-by SIMONE WILSON of the LA Weekly
Back when L.A. graffiti artist Sight was a teenager, he began slipping out of his mom’s South Central home late at night, armed with a razor blade or a can of spray paint, to claim the city’s surfaces as his own.
“When you go out in the nighttime, there’s nobody out there,” he recalls. “There’s a full moon; the air’s crisp. I’m with just me and my thoughts. It’s a beautiful experience.”
Marilyn Avila, Sight’s high school sweetheart and, now, the mother of his two children — 6-month-old Sofia and 18-month-old Adam — says, “I saw how happy it made him. It almost freed his mind.”
Sight was so prolific in his early days that he was known by peers, and graffiti watchers at large, as the “King of South Central.”
Avila recalls: “We would get on the bus, and if there was other graf artists in there, he would know almost all of them. If not, he’ll be, like, ‘Oh, I’m Sight,’ and they’ll be, like, ‘What?! You’re Sight?!’ ”
By the time the young vandal began attending Los Angeles City College, though, he claims he didn’t have time for the all-night branding sprees of his adolescence. He was working two jobs on top of journalism classes, and drove a car instead of riding and cutting up windows on the bus.
When he did break out the spray paint, says Sight, now 30, he had evolved from bus scribing and tagging to throwing up (spray-painting his name in big bubbly letters) and piecing (collaborating with friends on complex, mural-type works). His code of ethics was: “We’re not going to write on anything that looks good. We’d look for abandoned buildings, and walls that were really tagged up. We’d want to put some color right there.”
Along with his dream of becoming a journalist, Sight hoped to publish poetry and learn to piece like Saber and Revok, his heroes in the legendary Mad Society Kings (MSK) crew.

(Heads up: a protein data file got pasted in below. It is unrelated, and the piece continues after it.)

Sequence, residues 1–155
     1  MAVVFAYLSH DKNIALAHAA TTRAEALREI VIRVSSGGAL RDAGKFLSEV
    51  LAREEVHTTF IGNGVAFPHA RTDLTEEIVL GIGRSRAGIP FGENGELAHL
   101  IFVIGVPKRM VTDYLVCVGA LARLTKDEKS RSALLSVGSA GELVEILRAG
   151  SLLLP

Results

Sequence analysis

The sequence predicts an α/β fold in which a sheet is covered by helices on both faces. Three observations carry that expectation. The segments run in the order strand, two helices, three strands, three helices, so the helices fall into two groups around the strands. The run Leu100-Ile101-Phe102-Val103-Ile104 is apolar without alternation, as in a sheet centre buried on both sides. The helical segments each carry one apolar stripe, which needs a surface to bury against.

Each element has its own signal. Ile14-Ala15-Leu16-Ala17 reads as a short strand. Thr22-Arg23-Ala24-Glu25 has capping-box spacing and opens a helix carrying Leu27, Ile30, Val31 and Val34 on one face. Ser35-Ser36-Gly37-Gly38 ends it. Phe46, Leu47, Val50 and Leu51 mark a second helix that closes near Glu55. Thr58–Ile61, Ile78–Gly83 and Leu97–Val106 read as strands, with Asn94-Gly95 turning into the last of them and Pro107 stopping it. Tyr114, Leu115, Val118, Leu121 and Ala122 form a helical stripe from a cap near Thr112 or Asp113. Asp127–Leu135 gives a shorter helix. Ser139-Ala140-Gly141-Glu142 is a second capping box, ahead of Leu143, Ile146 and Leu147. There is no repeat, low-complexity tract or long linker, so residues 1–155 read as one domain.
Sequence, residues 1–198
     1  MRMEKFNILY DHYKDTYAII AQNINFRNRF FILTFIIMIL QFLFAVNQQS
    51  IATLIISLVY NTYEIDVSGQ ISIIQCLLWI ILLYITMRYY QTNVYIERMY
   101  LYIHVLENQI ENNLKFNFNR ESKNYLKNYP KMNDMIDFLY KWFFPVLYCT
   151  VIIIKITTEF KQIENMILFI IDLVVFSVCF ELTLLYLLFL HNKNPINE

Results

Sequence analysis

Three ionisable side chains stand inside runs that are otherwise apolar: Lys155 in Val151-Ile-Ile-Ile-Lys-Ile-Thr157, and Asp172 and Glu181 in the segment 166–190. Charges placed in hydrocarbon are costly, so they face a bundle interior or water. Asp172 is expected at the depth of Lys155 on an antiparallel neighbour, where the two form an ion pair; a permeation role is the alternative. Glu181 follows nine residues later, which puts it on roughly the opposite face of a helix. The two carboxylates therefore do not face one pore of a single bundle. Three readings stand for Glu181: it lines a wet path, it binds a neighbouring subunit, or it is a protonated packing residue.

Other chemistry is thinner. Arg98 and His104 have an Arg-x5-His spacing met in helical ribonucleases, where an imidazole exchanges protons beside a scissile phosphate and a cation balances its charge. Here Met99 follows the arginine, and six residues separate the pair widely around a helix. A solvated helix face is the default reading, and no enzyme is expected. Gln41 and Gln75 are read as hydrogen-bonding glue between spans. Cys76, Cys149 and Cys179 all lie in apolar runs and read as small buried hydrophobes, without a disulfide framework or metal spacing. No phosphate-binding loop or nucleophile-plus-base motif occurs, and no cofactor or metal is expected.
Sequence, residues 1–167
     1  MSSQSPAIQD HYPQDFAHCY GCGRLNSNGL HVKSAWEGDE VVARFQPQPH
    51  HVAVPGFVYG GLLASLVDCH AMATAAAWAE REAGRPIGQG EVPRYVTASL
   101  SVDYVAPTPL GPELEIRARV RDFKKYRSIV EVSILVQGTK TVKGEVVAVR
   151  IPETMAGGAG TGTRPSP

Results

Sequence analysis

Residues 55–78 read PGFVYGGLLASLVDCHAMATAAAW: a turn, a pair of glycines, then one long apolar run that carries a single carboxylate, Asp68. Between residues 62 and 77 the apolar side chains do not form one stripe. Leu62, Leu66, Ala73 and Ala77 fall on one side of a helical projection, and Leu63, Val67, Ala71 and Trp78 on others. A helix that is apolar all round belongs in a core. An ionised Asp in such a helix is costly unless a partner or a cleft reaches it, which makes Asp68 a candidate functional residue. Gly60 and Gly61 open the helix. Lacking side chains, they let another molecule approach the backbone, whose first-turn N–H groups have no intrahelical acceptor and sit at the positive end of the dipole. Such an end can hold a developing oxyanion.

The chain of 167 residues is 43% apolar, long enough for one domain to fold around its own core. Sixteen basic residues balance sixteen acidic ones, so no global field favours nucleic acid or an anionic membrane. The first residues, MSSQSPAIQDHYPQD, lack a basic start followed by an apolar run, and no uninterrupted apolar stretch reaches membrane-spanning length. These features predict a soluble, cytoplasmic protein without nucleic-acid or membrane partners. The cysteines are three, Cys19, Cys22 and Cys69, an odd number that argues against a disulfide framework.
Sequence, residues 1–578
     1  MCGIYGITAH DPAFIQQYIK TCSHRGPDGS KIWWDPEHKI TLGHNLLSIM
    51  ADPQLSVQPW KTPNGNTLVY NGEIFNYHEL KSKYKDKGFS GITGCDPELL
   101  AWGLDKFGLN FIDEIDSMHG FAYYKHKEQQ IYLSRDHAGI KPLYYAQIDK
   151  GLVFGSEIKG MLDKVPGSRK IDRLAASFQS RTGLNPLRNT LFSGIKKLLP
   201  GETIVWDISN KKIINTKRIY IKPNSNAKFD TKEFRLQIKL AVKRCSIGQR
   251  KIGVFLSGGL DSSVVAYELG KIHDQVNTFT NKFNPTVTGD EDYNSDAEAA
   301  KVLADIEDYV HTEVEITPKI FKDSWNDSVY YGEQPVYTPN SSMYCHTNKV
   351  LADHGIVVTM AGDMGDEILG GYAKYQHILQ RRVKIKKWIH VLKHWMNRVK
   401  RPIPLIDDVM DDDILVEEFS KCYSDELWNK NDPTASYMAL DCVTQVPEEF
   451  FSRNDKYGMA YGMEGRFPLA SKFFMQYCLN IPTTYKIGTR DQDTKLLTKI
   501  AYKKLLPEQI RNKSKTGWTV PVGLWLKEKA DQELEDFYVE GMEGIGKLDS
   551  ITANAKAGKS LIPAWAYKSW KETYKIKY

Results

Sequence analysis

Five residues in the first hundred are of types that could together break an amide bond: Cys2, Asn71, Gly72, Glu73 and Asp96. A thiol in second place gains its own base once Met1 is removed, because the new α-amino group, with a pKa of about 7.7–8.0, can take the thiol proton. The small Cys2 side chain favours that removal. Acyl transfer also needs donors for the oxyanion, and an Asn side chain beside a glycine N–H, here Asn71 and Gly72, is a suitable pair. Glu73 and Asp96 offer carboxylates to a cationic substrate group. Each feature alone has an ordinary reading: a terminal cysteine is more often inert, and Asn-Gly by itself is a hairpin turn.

“It was like springtime,” he says of the early 2000s. “Everything was blossoming — there was so much potential.
“Now, it’s wintertime.”
In 2006, Sight was handed the harshest sentence any artist or law enforcement official can recall for graffiti vandalism: Eight years and four months in state prison.
Released after four years for good behavior, he’s perhaps the most dramatic casualty to date in L.A.’s war on street art — a multipronged effort that views young graffiti artists as public enemy No. 1 and has destroyed even those graffiti-style murals painted with full consent of building owners. As galleries and museums increasingly recognize the movement’s artistic value, government officials only become more determined to wipe it from the streets.
Sight — a short, burly black man with a fuzzy beard and a gentle disposition — had and has no record of violence. “He gets mad at me if I kill a spider,” his girlfriend says.
From the couple’s one-bedroom apartment in South Central, Sight relives the morning the cops came for him: Ten to 15 deputies busted into his grandmother’s house with “laser guns and body armor,” he says, barking at him to hand over his drugs and weapons. Finding none, they took his paint and his poetry books, Sight says.
Because Sight’s most expensive — and thus felonious — damage was beyond the five-year statute of limitations, he says, police asked him to date evidence photos of his graffiti “for a more recent date,” in return for which, they told him, “ ’We’ll let you go and get you probation.’ ”
Sheriff’s deputy Devin Vanderlaan, who investigated Sight, calls his accusation “absolutely ridiculous.” UPN member Tahoe claims the same happened to him.
Sight would spend a one-year stint alongside rapists and murderers at Folsom State Prison, where he says fellow inmates almost killed him for hanging back during a race riot. But worse than hard-core Folsom was L.A. County Sheriff Lee Baca’s own Men’s Central Jail, where Sight says that, among other degradations, he saw prison guards break the fingers of inmates who misbehaved.
Today, two years after his release, with 10 unusual “felony” counts for nonviolent vandalism on his permanent record, Sight can’t even get a job as a dishwasher. He says he’s filled out hundreds of job applications, but potential employers won’t believe that spraying paint on walls or etching one’s name onto bus panels could lead to felony charges in America.
“They think I blew up cars or smashed out windows or something,” Sight says. “They think I’m a terrorist.”
To believe Metro’s version of the damage Sight did to L.A., he nearly was. They claimed he caused $70,000 in damage, on the basis that each Metro window or metal panel he etched was replaced. In fact, bus windows often are sanded down by graffiti-abatement crews — and tend to be marred by tagger upon tagger long before parts are actually replaced — but the exaggerated cost claims play well in court.